Negative impacts to whale habitat may take the form of offshore development, pollution, noise, overfishing, and climate change. Offshore energy development may destroy whale habitat or displace whales which would normally use the area. Oil spills and other chemical pollutants are also a threat to whales and the prey which they feed on.
Another form of pollution is noise pollution. Porpoises’ primary means of communication, navigation, locating food, locating mates, and avoiding predators and other threats is through their sense of hearing, which is much more highly developed than that of humans. Noise pollution created by ship traffic or offshore construction may negatively impact whales by disrupting otherwise normal behaviors associated with migration, feeding, alluding predators, rest, breeding, etc. Any changes to these behaviors may decrease survival, simply by increasing efforts directed at avoidance of the noise and the perceived threat.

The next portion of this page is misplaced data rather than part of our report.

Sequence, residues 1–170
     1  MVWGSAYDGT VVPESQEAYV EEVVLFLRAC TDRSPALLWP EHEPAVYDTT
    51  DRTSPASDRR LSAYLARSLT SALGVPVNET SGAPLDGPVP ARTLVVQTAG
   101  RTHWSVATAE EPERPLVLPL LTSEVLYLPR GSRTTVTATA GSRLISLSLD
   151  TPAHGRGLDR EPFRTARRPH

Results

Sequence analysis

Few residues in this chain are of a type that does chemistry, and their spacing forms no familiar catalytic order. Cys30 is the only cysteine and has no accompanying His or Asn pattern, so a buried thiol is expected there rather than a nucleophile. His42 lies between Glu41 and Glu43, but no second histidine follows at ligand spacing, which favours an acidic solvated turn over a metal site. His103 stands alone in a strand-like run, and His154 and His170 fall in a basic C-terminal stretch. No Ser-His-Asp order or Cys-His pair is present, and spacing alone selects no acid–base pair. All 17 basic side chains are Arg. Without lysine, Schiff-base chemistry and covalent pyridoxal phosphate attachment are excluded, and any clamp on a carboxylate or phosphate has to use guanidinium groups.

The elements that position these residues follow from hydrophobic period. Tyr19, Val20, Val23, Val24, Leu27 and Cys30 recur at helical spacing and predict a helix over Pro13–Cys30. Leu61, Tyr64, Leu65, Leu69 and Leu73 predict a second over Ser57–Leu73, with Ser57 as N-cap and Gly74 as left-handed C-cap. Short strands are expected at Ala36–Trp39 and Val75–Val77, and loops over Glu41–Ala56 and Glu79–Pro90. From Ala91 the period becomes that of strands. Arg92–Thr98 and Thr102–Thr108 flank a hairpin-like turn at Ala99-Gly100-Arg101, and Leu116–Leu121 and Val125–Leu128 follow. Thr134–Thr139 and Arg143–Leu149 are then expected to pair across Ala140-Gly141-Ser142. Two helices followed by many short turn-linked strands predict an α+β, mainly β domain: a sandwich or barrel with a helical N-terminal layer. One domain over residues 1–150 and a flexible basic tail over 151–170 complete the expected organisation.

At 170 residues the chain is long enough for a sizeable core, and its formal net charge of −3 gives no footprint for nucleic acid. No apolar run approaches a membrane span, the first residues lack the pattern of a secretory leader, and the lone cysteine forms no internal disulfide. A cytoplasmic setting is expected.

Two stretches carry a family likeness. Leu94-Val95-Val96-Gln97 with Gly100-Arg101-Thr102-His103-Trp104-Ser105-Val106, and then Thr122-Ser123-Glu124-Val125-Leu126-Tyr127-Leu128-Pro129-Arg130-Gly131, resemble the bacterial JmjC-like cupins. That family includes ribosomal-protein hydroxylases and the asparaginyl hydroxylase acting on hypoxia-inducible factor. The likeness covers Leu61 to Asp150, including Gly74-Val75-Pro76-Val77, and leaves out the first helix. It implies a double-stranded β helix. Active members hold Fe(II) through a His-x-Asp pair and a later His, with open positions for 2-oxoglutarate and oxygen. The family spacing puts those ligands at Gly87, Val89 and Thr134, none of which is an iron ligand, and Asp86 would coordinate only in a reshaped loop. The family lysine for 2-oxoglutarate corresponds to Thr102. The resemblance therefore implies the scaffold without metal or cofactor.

Active sonar, such as that used by the Navy, also threatens marine mammals by disrupting navigation, foraging and communication abilities. There have been instances of stranding and death caused by acoustic trauma. This may be due to a fatal injury within the structure of the ear, or may result from the distressed animal surfacing too rapidly and developing nitrogen bubbles within their blood (decompression sickness). In addition to the direct threat posed by active sonar, it may indirectly harm marine species by causing changes in behavior.